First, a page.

Wednesday, August 27, 2008

The Thieves' Guild of Hyrcanos

Based in the stout Fortress of Barask-Nadol, this enterprising band of pickpockets, burglars and footpads bills itself as 'The Most Noble and Forthright Brothers of Militant Spirit' and, when not pilfering, acts as - indeed, is - the militia of the ancient and mighty city.

Now, as one of learning and perspicacity might suspect, such a force is weaker on the field of battle than in the alley-way and so the notables of Hyrcanos seek to surround themselves with armies of private composition and personal loyalty. However, as such trends lead to much internal bickering and strife, the Portreeve long ago passed edicts promising terrible punishments for those who sought to establish forces beholden only to themselves. And so today the wealthy and prosperous of the metropolis hire no mercenaries nor do they maintain any soldiery. Instead these worthies hire an excess of "chefs", "gardners", carpenters", "maids-of-the-chamber" (in at least one case), and the like... all creatively armed and uniformed...

This disparate force has only fought off one invasion. After seasoned troops, hardened veterans of other battles, were routed by "chefs", "maids", and thieves, no other military has wished to gain the humiliation of loosing...

And so the City of Emerald and Gold trades in peace.

Tuesday, August 26, 2008

Creatures both Malevolent and Benign, Part One of an On-going Series

Kephri the Accursed
Frequency: Very Rare
No. Appearing: 1
Armour Class: 6 or -3
Move: 12" or 15"
Hit Dice: 71 hit points
% In Lair: 90%
Treasure Type: G, I, and X
No. of Attacks: 1 or 3
Damage/Attack: by weapon or spell or 1-12/1-12/1-6
Special Attacks: see below
Special Defences: Immune to enchantments, charms, and poison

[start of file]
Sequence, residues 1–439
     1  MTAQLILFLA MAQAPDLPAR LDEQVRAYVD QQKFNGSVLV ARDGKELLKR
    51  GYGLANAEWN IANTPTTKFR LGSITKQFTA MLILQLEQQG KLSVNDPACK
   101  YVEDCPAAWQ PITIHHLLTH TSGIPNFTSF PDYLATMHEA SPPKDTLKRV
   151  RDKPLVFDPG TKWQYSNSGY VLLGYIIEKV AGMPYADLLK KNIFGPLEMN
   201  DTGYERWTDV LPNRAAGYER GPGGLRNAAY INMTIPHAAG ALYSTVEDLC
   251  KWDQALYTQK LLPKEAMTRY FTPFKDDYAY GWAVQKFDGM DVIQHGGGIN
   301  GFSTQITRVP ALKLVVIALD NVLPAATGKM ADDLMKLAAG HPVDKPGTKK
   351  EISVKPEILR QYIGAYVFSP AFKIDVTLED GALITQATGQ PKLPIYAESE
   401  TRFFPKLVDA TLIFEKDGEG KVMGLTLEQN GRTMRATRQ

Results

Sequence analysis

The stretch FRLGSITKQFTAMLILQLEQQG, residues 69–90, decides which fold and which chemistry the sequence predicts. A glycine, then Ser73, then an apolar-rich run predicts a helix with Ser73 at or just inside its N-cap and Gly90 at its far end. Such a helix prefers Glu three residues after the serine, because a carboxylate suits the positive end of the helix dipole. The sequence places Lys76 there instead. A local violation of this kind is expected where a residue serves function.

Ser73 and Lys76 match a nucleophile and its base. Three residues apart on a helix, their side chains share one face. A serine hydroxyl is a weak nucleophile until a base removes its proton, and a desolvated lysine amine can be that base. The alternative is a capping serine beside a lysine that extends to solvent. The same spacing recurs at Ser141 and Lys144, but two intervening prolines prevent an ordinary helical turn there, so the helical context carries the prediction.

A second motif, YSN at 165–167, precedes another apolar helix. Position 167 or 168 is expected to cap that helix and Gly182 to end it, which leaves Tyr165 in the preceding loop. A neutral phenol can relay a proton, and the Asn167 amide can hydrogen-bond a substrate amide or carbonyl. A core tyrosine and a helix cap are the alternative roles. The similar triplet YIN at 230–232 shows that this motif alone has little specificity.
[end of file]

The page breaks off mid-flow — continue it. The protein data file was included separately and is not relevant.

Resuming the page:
Magic Resistance: 50%
Intelligence: Genius
Alignment: Chaotic Evil
Size: M (5' 7" tall) or L (16' long)
Psionic Ability: Nil
Attack/Defence Modes: Nil

Once a mortal, this greedy and vain enchantress made an improperly worded bargain with a demon lord. The ill-thought out pact bound her to the demon's malevolent will and transformed her into the monstrosity she is now. Normally appearing as an attractive human woman with dark hair and eyes, Kephri can transform into the form of a terrible and demonic scorpion.

In human form, she attacks, saves, and casts spells as an 11th level magic-user. However, if forced into melee combat, she sheds her human guise, shifting into a bloated and corrupt scorpion far larger than a man. As a scorpion, she retains her intelligence and voice (making her capable of casting spells with only a verbal component in this form), but attacks and saves as a 12 HD monster. In combat, she uses her great pincers to keep her opponents at bay whilst she lashes out with her venom-dripping stinger. Though the stinger only deals damage equivalent to a short sword (1-6), its venom is to be feared by even the brave, for those failing a save versus poison (at -4) do not die, but become mesmerised slaves of the unnatural enchantress. Those charmed into minions defend the monster from their former companions (and all others) as she scuttles away to plot revenge, having little taste for direct confrontation. This ensorcelment can be broken by a remove curse or neutralise poison spell.

In either form, Kephri may use the following spell-like abilities, each at will, one at a time, once per day: commune (with her demonic overlord), insect plague, phantasmal force, and summon 1-2 Type I demons to her aid (50% chance of success).

When typically encountered, Kephri will be acting as the vizier, court wizard, or concubine of as powerful a ruler as possible, seeking to subtly embroil her target in wars and depravity. Only when pressed will she reveal her abhorrent 'gifts'. Should Kephri be slain, her soul will be immediately seized by her demonic master, who will be sorely displeased with those who have removed his favourite playing piece from the board.

Shards of the Malachite Throne III

The Cassandrian Campaign, part II